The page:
It is maintained on behalf of the plaintiffs that the quoted provision did not adequately protect them. The dispute in this case, they assert, concerns the date they qualify for E.I.T.S. status, not the seniority date which will be assigned "at such time" as the qualification occurs. They are not claiming that their time in military service should be counted toward the eight-year requirement for advancement to journeymen. They concede that they must perform eight years of actual work for GM in combined E.I.T. and E.I.T.S. status to receive this promotion. However, they argue that GM's refusal to count their time in military service toward the achievement of E.I.T.S. status has deprived them of the opportunity to continue their progression toward journeyman rating solely because of their absence on military duty and has resulted in their being displaced by non-veteran employees who overtook them while they were performing military service. This is expressed in the prayer of the identical amended complaints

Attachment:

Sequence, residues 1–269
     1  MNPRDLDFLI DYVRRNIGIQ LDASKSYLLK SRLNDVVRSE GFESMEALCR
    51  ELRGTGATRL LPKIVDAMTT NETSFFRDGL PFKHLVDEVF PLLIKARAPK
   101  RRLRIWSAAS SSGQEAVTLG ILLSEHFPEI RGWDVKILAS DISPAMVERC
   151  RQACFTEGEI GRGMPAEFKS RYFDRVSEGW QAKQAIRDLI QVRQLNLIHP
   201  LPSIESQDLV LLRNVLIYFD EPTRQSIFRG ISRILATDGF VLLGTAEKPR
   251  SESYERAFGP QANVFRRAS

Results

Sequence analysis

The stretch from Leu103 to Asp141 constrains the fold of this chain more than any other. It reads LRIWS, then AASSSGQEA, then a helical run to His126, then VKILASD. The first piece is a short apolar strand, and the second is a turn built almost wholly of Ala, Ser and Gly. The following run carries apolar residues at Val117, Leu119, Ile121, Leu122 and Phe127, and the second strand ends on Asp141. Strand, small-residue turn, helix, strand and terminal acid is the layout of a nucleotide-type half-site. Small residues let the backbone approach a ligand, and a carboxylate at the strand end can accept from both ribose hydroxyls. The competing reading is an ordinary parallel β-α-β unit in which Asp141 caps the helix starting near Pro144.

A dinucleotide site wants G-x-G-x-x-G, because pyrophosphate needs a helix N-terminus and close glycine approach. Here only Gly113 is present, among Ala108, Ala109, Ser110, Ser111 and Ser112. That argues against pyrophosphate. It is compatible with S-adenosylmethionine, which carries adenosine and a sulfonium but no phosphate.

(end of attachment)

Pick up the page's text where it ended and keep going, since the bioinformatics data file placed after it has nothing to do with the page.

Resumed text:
(a) That defendant be ordered to grant plaintiff the priority status with regard to availability of work which he would have received had he remained continuously employed during the period of his military service . . . .